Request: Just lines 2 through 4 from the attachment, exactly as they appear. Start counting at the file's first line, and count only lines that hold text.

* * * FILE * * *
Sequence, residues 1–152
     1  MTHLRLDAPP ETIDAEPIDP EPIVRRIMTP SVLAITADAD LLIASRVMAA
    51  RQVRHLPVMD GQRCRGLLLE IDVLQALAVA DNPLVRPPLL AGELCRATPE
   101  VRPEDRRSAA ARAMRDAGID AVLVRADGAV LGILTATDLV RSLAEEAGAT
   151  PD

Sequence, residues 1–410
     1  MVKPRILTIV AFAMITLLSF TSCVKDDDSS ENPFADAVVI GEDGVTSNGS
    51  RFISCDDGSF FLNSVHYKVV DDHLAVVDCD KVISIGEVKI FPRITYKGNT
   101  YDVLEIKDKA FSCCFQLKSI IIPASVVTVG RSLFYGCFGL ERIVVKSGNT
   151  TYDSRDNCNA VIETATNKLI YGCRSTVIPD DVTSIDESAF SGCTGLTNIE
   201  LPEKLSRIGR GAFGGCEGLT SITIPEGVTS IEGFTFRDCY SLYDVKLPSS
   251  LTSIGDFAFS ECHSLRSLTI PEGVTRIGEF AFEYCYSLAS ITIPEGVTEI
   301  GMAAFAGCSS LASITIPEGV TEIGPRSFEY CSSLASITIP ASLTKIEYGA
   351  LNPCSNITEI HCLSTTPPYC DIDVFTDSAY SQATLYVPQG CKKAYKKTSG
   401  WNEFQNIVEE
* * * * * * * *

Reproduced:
     1  MTHLRLDAPP ETIDAEPIDP EPIVRRIMTP SVLAITADAD LLIASRVMAA
    51  RQVRHLPVMD GQRCRGLLLE IDVLQALAVA DNPLVRPPLL AGELCRATPE
   101  VRPEDRRSAA ARAMRDAGID AVLVRADGAV LGILTATDLV RSLAEEAGAT